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Story Archives: The Company of Military Adventurers
|The Company of Military Adventurers|
Among the groups of settlers arriving in Natchez country in the months prior to the American Revolution was an organization of New Englanders known as "The Company of Military Adventurers."
The group was led by a beloved veteran by the name of Phineas Lyman and the venture, wrote Mississippi historian Dunbar Rowland, "caused a good deal of excitement in New England at the time."
Phineas Lyman was a Connecticut native, born in Suffield in 1715. He worked as a weaver, operated a general store, became a lawyer and served in the legislator. By the time he reached his late 20s he was a leader in the colony. When the French and Indian War broke out in North America in 1754, and the global Seven Years War, Lyman was placed in command of Connecticut troops serving under the British flag.
In 1762, Lyman was the commander of American colonial troops attached to British regulars in the capture of the key Spanish port at Havana. The fleet that arrived at Cuba included 180 vessels. Afterward, Lyman was praised for his long service to the crown. Once world peace was achieved, he and some of his comrades focused their attention on Natchez country.
According to Jack Elliott, an archaeologist and lecturer at Mississippi State University: "The geopolitical conditions for the birth of the Natchez District were set by the 1763 Treaty of Paris by which England received Canada, Spanish Florida, and all of French Louisiana east of the Mississippi River, except the Isle of Orleans. The Isle and Louisiana west of the river were ceded to Spain. Out of its newly acquired territories, England organized two provinces, East and West Florida."
The Natchez District was in West Florida, Pensacola the capital. Elliott reports that Natchez country "occupied a narrow strip of land that was bounded on the west by the Mississippi River. Located primarily on loess-covered uplands, the District began at the 31st parallel of latitude, or as more commonly recognized, the Loftus Cliffs (Roche d'Avion and later known as Fort Adams) on the Mississippi, and stretched northward to the mouth of the Yazoo River (Vicksburg), beyond which lay the vast bottomlands of the Mississippi Delta.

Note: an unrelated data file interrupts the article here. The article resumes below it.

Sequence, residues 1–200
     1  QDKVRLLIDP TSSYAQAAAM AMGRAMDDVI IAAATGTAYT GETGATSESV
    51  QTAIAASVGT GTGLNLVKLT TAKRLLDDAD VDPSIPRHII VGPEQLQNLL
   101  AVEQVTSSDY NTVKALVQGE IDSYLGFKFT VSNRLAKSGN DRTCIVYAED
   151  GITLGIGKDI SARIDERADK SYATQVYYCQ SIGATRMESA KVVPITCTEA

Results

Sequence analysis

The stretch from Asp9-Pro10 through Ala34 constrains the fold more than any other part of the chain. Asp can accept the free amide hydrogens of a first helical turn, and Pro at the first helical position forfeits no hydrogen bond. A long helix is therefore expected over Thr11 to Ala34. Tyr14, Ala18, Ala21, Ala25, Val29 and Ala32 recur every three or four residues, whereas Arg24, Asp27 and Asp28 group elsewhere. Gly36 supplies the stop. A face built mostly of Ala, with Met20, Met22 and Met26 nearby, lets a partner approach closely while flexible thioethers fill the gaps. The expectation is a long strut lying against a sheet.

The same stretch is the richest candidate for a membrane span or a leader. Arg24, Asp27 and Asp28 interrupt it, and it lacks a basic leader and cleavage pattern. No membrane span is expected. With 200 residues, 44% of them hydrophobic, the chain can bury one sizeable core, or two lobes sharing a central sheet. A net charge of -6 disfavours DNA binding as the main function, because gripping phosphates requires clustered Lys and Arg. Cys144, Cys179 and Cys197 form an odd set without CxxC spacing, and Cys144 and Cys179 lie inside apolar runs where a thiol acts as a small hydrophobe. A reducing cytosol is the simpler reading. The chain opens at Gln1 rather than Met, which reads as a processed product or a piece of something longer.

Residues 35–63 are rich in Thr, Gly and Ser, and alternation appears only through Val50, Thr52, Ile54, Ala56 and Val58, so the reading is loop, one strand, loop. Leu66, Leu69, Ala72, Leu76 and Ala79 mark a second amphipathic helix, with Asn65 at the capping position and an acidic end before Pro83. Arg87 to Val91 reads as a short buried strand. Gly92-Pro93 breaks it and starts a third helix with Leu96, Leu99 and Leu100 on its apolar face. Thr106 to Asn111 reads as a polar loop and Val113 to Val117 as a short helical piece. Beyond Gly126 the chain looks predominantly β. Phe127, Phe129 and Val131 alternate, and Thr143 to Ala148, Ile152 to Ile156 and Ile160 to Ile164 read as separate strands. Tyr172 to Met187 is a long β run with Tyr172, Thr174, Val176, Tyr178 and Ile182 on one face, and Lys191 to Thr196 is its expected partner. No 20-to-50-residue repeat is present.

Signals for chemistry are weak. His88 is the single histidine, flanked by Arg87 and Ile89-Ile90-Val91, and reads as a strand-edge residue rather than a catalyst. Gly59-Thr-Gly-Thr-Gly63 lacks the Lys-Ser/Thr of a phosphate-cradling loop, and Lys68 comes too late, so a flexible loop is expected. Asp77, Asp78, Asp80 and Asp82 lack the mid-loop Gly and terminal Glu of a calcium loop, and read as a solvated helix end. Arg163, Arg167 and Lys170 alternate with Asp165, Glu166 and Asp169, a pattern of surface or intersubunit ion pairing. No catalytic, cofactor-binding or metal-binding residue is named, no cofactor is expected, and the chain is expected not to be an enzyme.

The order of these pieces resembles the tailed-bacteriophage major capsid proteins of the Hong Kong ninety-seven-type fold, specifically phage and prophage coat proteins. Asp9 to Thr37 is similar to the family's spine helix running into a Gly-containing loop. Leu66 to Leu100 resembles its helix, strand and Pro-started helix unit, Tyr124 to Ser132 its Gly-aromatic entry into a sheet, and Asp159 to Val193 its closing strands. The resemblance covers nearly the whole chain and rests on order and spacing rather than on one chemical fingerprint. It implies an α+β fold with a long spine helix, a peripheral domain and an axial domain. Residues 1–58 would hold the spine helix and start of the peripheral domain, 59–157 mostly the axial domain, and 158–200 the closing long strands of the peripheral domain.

"On the east, the District was only nebulously defined by the eastward extent of settlement from the River. In 1777 the British signed a treaty with the Choctaws in which the tribe agreed to give up their claim to land in the District which effectively established an eastern boundary. This boundary was surveyed the following year by Joseph Purcell. After the United States took control of the District in 1798, the eastern boundary was resurveyed in 1802-1803 by General James Wilkinson."
"Today, the Natchez District corresponds to the Mississippi counties of (south to north), Wilkinson, Adams, Jefferson, and Claiborne, and parts of Amite, Franklin, and Warren."
In this region, wrote historian and geographer Benjamin L.C. Wailes in the 19th century, numerous grants were made from January 1768 to September 1779 by the governor of West Florida. He said those in Natchez country were "chiefly made to officers of the British army and navy, and in many instances of large dimensions."